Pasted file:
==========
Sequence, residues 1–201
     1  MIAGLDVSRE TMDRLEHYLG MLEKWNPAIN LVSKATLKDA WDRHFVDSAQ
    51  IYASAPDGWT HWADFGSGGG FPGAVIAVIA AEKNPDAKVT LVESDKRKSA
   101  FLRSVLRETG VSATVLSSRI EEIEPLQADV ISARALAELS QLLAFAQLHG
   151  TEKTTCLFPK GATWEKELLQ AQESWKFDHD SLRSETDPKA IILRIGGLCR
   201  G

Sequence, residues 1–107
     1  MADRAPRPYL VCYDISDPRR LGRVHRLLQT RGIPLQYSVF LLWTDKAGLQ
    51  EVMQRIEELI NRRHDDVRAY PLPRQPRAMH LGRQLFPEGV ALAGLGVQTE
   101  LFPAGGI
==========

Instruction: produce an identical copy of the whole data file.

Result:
Sequence, residues 1–201
     1  MIAGLDVSRE TMDRLEHYLG MLEKWNPAIN LVSKATLKDA WDRHFVDSAQ
    51  IYASAPDGWT HWADFGSGGG FPGAVIAVIA AEKNPDAKVT LVESDKRKSA
   101  FLRSVLRETG VSATVLSSRI EEIEPLQADV ISARALAELS QLLAFAQLHG
   151  TEKTTCLFPK GATWEKELLQ AQESWKFDHD SLRSETDPKA IILRIGGLCR
   201  G

Sequence, residues 1–107
     1  MADRAPRPYL VCYDISDPRR LGRVHRLLQT RGIPLQYSVF LLWTDKAGLQ
    51  EVMQRIEELI NRRHDDVRAY PLPRQPRAMH LGRQLFPEGV ALAGLGVQTE
   101  LFPAGGI